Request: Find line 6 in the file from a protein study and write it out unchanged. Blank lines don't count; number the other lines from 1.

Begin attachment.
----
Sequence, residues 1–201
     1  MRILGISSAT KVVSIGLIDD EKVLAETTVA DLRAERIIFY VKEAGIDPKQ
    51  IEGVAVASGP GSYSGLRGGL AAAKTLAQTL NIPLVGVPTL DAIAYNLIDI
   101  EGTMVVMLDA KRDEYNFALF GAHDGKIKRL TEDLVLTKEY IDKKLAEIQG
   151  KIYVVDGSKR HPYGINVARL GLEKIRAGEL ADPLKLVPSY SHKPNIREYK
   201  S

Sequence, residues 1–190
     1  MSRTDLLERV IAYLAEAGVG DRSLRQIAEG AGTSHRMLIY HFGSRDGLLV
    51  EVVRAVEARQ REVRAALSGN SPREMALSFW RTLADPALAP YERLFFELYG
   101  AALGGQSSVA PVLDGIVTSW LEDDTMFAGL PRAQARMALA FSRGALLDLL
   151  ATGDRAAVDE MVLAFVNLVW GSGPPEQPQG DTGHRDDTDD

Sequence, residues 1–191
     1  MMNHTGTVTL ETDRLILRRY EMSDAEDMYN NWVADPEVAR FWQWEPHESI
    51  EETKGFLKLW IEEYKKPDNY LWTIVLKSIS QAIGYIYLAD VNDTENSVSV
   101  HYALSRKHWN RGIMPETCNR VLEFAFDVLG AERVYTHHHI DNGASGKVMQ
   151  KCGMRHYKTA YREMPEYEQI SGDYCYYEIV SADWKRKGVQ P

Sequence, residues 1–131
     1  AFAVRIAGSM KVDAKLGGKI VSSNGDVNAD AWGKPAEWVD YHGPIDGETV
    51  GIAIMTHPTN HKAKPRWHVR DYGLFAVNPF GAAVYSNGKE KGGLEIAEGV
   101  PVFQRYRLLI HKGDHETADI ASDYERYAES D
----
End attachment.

   201  S